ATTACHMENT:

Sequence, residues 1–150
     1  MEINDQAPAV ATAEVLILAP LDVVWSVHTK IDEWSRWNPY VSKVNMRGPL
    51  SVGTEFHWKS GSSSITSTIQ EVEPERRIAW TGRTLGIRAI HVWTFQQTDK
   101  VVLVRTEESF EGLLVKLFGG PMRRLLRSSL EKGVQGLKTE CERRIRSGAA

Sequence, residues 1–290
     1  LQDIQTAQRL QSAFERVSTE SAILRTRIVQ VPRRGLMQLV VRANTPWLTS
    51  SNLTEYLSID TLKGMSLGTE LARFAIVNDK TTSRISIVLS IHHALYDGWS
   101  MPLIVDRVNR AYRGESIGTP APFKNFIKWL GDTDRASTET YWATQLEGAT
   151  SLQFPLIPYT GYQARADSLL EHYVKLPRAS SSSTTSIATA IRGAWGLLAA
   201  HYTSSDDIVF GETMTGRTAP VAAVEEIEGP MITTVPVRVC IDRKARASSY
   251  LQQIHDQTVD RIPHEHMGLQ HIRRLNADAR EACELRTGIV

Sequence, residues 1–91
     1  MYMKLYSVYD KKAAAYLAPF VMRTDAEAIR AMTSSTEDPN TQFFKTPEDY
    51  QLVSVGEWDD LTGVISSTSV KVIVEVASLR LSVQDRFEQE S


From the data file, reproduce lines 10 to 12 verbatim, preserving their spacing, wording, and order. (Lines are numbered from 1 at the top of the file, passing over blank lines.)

   201  HYTSSDDIVF GETMTGRTAP VAAVEEIEGP MITTVPVRVC IDRKARASSY
   251  LQQIHDQTVD RIPHEHMGLQ HIRRLNADAR EACELRTGIV

Sequence, residues 1–91